Medicinal and injection therapies for mechanical neck disorders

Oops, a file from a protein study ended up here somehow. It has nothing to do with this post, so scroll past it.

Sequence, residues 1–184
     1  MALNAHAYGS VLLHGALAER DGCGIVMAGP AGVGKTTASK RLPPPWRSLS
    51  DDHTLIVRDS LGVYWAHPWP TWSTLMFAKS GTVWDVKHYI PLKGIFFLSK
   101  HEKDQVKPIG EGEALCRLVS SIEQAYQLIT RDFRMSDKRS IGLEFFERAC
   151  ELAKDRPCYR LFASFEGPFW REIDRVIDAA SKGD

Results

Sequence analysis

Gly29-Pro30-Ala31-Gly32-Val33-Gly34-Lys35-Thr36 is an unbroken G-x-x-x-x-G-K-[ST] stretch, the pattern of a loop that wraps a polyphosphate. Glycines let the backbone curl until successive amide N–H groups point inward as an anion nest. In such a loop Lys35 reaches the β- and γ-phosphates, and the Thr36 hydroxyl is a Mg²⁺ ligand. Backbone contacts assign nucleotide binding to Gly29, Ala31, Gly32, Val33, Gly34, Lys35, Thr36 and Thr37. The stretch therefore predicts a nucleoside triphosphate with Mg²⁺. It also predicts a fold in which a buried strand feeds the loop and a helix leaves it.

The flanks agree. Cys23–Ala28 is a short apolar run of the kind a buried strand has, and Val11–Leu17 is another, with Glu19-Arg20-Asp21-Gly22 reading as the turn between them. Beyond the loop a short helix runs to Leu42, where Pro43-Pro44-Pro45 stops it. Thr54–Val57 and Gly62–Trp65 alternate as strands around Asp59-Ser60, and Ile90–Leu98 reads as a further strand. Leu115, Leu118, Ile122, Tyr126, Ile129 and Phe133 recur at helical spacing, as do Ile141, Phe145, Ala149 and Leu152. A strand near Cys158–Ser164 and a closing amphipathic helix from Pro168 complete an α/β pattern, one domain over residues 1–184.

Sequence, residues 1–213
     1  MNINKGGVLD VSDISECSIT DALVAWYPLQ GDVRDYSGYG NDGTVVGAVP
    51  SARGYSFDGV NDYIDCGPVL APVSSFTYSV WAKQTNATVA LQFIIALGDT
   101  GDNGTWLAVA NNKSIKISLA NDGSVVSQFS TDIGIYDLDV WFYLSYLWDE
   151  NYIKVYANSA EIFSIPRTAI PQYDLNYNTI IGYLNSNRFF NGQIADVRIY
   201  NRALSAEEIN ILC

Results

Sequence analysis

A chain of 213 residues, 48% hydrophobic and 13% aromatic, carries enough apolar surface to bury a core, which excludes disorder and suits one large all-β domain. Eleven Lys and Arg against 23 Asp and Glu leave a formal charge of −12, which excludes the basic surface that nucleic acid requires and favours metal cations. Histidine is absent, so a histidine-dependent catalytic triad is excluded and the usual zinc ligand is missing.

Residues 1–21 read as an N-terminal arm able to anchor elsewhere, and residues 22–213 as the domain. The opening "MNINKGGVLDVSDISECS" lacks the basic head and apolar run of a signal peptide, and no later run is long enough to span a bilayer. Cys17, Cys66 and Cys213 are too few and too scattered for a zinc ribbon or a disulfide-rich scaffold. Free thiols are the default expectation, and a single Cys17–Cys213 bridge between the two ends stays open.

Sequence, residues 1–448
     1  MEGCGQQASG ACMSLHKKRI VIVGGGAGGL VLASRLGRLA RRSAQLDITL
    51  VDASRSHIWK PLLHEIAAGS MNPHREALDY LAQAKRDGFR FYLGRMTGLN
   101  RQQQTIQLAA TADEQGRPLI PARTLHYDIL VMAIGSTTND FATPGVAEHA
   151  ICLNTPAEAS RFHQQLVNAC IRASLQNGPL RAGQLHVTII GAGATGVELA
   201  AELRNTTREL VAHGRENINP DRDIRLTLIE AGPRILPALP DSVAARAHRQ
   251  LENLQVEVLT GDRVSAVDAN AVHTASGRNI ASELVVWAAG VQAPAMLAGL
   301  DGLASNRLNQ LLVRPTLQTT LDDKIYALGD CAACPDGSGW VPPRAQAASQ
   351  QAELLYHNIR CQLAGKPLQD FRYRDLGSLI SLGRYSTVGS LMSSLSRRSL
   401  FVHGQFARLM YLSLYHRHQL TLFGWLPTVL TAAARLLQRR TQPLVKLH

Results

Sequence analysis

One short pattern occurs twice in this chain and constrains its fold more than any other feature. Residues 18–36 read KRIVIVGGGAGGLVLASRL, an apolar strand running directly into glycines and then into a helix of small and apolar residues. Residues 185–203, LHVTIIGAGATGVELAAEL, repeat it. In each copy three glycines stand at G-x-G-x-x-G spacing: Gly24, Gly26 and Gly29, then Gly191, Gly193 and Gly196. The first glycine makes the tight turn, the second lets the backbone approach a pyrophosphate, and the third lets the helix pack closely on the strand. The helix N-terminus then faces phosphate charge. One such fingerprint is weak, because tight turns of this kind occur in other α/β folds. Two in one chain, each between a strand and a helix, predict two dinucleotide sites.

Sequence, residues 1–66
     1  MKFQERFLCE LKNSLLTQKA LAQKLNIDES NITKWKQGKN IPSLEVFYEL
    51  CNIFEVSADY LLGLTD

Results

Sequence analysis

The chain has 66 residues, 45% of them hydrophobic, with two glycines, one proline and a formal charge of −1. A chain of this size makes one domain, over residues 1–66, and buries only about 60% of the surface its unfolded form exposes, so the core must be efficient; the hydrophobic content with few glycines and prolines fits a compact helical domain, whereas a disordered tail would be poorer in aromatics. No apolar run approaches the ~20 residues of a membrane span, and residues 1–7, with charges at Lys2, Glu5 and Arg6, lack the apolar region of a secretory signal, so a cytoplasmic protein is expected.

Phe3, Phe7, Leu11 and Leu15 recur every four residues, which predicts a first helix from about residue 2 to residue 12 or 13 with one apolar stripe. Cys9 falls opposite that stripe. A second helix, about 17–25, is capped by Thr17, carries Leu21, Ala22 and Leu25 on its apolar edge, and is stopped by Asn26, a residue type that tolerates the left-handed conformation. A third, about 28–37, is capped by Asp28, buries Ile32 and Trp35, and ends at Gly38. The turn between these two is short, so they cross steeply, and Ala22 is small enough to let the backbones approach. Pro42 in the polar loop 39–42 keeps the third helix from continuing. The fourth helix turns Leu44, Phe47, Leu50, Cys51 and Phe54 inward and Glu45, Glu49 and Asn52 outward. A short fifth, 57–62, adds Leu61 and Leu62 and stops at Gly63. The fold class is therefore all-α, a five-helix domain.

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BACKGROUND: Controversy persists regarding medicinal therapies and injections. OBJECTIVES: To determine the effects of medication and injections on primary outcomes (e.g. pain) for adults with mechanical neck disorders and whiplash. SEARCH STRATEGY: We searched CENTRAL, MANTIS, CINAHL from their start to May 2006; MEDLINE and EMBASE to December 2006. We scrutinised reference lists for other trials. SELECTION CRITERIA: We included randomised controlled trials with adults with neck disorders, with or without associated headache or radicular findings. We considered medicinal and injection therapies, regardless of route of administration. DATA COLLECTION AND ANALYSIS: Two authors independently selected articles, abstracted data and assessed methodological quality. When clinical heterogeneity was absent, we combined studies using random-effects models. MAIN RESULTS: We found 36 trials that examined the effects of oral NSAIDs, psychotropic agents, steroid injections, and anaesthetic agents. Trials had a mean of 3.1 on the Jadad Scale for methodological quality; 70% were high quality. For acute whiplash, administering intravenous methylprednisolone within eight hours of injury reduced pain at one week (SMD -0.90, 95% CI -1.57 to -0.24), and sick leave but not pain at six months compared to placebo in one trial. For chronic neck disorders at short-term follow-up, intramuscular injection of lidocaine was superior to placebo (SMD -1.36, 95% CI -1.93 to -0.80); NNT 3, treatment advantage 45% and dry needling, but similar to ultrasound in one trial each. In chronic neck disorders with radicular findings, epidural methylprednisolone and lidocaine reduced neck pain and improved function more than when given by intramuscular route at one-year follow-up, in one trial. In subacute and chronic neck disorders, muscle relaxants, analgesics and NSAIDs had limited evidence and unclear benefits. In participants with chronic neck disorders with or without radicular findings or headache, there was moderate evidence from five high quality trials that Botulinum toxin A intramuscular injections had similar effects to saline in improving pain (pooled SMD: -0.39, 95%CI -1.25 to 0.47), disability or global perceived effect. AUTHORS' CONCLUSIONS: The major limitations are the lack of replication of the findings and sufficiently large trials. There is moderate evidence for the benefit of intravenous methylprednisolone given within eight hours of acute whiplash, from a single trial. Lidocaine injection into myofascial trigger points appears effective in two trials. There is moderate evidence that Botulinum toxin A is not superior to saline injection for chronic MND. Muscle relaxants, analgesics and NSAIDs had limited evidence and unclear benefits.
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